I gave up on reading this book about Vedanta because it was one of those books that lies about being introductory. After all this reassurance from the author that it was a Good Introductory Book about Vedantic Thought it turns out to be no such thing, and he keeps dropping bombs like “this explains the huge controversy about the teaching of Hlaghlag’aghl with which we are all familiar” etc etc. Someone who wasn’t a Vedanta scholar should have reviewed the book before publication.

So now I’m reading a history of Hinduism which is hard going but at least explanatory. I decided to stop reading it tonight when a description of one sect’s beliefs ended “thus the highest name of God is ‘The Darling of the Milkmaids’.” and I started giggling madly. Time for beer and internetting instead of trying to understand Big Ideas.

I like beer.

9 thoughts on “Ramalamadingdong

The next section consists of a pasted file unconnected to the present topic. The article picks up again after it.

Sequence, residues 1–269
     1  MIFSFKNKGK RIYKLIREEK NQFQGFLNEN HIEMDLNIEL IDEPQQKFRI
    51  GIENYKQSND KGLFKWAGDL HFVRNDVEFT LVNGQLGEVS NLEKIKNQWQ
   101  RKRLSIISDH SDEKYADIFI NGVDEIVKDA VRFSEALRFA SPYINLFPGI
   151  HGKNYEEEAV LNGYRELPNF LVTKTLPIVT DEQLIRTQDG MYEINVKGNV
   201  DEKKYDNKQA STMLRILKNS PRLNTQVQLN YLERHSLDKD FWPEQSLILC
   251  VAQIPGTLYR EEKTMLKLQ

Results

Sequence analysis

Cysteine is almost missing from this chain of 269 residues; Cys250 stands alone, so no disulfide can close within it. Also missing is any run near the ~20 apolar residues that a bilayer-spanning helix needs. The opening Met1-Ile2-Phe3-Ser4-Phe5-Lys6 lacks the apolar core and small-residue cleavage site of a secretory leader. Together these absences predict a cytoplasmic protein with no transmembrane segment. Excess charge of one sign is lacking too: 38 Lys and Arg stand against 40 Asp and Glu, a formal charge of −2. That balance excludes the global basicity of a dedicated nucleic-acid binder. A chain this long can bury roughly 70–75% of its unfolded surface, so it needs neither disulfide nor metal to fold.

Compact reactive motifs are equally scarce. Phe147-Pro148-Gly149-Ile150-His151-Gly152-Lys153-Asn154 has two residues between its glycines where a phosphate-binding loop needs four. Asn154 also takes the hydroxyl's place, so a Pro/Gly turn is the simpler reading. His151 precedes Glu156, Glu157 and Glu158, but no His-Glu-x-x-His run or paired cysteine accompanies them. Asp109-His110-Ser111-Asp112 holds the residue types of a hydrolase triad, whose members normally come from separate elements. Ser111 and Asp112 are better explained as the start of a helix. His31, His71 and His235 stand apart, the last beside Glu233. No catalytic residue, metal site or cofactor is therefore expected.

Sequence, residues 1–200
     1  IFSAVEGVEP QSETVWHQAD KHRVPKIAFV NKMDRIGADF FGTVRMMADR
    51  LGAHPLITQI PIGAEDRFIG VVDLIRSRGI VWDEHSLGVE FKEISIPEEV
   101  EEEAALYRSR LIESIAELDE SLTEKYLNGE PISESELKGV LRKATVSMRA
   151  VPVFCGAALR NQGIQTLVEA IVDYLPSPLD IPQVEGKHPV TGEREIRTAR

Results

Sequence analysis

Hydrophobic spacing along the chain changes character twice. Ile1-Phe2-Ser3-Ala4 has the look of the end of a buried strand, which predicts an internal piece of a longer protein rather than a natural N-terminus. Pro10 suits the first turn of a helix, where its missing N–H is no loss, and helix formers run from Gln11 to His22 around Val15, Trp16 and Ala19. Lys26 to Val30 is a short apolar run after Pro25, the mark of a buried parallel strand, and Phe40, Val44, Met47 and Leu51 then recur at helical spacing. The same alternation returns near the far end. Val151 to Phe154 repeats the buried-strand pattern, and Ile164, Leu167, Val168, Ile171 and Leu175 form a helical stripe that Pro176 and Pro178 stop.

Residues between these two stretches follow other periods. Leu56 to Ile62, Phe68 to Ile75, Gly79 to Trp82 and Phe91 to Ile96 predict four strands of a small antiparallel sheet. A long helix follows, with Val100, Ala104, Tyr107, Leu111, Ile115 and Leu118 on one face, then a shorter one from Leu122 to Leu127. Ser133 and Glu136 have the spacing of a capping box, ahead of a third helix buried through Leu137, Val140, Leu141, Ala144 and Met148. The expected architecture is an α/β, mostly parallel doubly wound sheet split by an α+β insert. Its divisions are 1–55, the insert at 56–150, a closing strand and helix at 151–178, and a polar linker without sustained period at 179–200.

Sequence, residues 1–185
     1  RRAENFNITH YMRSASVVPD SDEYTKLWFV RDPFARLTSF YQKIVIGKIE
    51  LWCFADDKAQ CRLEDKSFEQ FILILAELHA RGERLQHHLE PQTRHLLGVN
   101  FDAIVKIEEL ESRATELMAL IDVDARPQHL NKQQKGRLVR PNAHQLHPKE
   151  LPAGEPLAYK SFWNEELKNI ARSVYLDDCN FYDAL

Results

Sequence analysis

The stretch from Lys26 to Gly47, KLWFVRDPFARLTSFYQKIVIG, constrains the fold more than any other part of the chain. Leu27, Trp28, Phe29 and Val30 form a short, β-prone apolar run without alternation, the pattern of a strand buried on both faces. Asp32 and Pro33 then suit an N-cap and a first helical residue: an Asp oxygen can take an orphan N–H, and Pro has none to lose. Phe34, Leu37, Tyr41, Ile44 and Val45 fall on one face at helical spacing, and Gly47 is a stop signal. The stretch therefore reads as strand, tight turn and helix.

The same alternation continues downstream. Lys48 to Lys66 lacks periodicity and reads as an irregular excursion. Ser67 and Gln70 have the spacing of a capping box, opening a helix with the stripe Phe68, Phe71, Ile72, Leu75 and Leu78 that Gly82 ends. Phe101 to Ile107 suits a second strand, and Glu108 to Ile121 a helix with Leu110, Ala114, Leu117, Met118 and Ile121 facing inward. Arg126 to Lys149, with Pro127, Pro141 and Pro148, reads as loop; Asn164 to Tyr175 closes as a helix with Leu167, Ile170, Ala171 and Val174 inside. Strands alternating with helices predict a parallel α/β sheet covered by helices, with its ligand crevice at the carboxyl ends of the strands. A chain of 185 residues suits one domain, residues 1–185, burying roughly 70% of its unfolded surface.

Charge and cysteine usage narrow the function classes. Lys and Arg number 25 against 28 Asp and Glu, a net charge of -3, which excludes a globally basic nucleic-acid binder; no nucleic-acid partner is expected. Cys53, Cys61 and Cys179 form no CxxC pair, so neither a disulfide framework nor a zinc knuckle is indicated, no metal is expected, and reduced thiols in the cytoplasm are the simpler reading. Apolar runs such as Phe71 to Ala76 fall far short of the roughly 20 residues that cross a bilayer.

1. For some reason, I get this image in my head of Ganesha surrounded by a bunch of pornographic Swiss Miss girls, all grabbing their ample bosom and laughing, little demure droplets of milk emerging from each pink gumdrop-like nipple, and Ganesha flashing “peace” with a wink. Done Manga style, of course. On a Roppongi lamp post with a small kid underneath of it going “Guh?”

  2. What little I know about hinduism (other than actually being one) is not to trust official histories of hinduism.
    The reality is that it’s a huge sprawling mess. Think Christianity in the middle ages before heresies were stamped out. Except it forks off even more easily since there is no clear central narrative; indeed one of the few core ideas is that God has an infinite number of aspects.
    However, hindu “scholars” (*cough*assholes*cough), usually of the high-caste variety, are currently in an effort to reconstruct hinduism. This has really always been the case, but it’s accelerated post-Indian independence. They want to nail it down, rewrite the parallel streams so they look linear, make themselves look like the final product of a historical process. Make it something that allows for excommunication, that unifies people behind their nativist political and social agendas.

    1. This book seems pretty balanced. And it does give the image you describe, of a huge congeries of different sects all crashing into each other. That’s one reason why it’s so complex and hard to read.

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